feels like the most commercially viable Kanye album since Graduation
. Whether this is a good or a bad thing remains to be seen, but personally, it seems an all-too obvious blow to the actual music, regardless of the mass appeal.
West’s rapping style has long polarized critics, many arguing that his style is dry and too pop-influenced. Kanye always managed to maintain a deceptively calm balance with his rhyming style; simplistic flows that occasionally took a sharp turn and pleasantly surprised the listener. It’s touches such as these that give West any credibility at all, displaying that he is very capable at the old-school style of hip hop rapping. It is therefore glaringly obvious that this “old skool” style does not fit in with this hash of an “experimental” album. As regressive as I insist the album is, it still retains an inevitably futuristic sound. This sound clashes violently with West’s still-underdeveloped rapping style and causes yet another noticeable imbalance present throughout the whole release. The tacky but dance-infused beats are implemented with copycat tunes or low, repetitive basslines that West then raps over. This creates a sense of discordance and an even more obvious sense of disconnect between artist and product, and overall feels very lazy. “New Slaves” for instance, features a plodding tune amidst a dull bass-driven beat. West’s vocal style imitates the plodding tune, escalating in tension, the music becoming quieter, fading out, out, and then… nothing. The beat starts again, with little to no payoff, save a high-pitched vocal clip used at the end of the track. Much like the song, it’s an album that drowns in its own ideas before it even gets them off the ground.
At a point like this in an artist’s career, I would imagine it is a good time to backtrack a little and to really look at the progress made in the years since gone. Kanye can look back on his artistic history with something vaguely resembling pride; a promising start, a plateau, a niche. There may be a misstep here or there, but for the most part, a solid artistic output. And then there’s Yeezus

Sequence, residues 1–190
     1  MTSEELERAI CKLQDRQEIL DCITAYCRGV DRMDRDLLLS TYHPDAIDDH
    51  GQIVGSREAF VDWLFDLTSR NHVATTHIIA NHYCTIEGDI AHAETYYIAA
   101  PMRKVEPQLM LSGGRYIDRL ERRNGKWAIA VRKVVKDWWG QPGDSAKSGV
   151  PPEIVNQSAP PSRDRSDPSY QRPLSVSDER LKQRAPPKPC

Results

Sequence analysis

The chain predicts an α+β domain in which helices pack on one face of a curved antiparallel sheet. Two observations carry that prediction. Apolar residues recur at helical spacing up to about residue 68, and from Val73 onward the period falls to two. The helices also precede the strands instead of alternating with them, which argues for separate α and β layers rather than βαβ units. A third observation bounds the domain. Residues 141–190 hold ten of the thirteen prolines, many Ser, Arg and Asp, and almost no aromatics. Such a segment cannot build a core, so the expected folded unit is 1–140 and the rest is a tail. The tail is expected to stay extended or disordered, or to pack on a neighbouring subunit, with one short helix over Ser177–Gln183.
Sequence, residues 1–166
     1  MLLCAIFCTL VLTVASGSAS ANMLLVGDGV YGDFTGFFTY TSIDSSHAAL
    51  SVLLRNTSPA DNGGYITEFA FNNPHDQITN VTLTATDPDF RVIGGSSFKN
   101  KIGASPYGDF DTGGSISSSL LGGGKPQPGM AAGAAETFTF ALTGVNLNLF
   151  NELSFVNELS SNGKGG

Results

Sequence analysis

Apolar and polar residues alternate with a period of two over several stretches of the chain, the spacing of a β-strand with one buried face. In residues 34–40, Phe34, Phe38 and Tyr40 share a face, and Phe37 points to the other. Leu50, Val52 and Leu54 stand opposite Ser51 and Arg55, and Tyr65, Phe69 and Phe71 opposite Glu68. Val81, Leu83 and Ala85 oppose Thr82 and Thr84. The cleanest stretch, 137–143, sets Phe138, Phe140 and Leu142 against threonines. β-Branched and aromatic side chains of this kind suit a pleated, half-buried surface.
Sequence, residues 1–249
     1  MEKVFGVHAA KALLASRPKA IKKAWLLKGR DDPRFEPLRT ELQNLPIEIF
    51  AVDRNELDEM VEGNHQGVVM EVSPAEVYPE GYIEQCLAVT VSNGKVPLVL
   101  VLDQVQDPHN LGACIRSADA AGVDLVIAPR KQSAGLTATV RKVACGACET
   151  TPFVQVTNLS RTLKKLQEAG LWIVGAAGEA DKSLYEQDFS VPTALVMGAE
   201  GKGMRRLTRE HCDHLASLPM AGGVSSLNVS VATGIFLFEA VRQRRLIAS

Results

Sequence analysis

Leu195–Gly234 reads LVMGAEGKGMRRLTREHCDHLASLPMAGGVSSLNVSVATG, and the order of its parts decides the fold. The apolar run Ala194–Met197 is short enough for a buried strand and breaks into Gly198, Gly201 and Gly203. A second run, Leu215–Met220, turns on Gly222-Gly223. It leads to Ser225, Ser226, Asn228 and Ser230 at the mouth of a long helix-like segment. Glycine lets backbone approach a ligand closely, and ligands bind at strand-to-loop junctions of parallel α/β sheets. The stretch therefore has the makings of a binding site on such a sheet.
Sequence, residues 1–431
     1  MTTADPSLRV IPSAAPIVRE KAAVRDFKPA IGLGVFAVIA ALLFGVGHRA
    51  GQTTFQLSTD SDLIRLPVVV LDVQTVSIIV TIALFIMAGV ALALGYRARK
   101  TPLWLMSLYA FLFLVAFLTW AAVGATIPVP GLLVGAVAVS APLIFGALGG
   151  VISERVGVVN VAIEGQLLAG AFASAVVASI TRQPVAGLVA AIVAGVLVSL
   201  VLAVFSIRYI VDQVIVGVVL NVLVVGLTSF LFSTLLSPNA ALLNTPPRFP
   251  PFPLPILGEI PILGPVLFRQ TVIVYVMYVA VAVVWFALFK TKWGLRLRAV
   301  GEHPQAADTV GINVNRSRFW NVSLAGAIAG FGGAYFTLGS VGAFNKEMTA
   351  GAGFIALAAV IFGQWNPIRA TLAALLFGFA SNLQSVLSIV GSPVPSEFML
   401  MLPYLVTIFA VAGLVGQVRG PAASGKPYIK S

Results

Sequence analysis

, an album so wallowing and self-indulgent in its desire for attention, perhaps it was the insistence that this was going to be THE Kanye West album that is the most insulting. The intense electronics and synths may prove satisfactory to certain passive listeners on the hunt for an intermediate between rap and electronica, but on the whole the album is a bland distraction, its pretense of “progression” and “avant-garde” musicality backfiring spectacularly with each track. The idea itself contained at the heart of Yeezus
is well-meaning and could have been developed into something far more satisfying by further developing the music and implementing inventive structures to the actual rhymes rather than recycling. The process is clearly based on its appeal to people who cannot tell the difference; people who feel they need to be told that minimalism is artistic. French artist Yves Klein once assembled an exhibit called The Void, which featured absolutely nothing on display. People read into the “art” with their own meanings, ideals and dreams, but ultimately, there was nothing to appreciate in the first place. Yeezus
is the musical equivalent of The Void: full of ideas, but utterly vacuous. Any individual elements on the release, no matter how decent, are skewered and chopped beyond recognition, having their home on a release that is neither relevant nor necessary.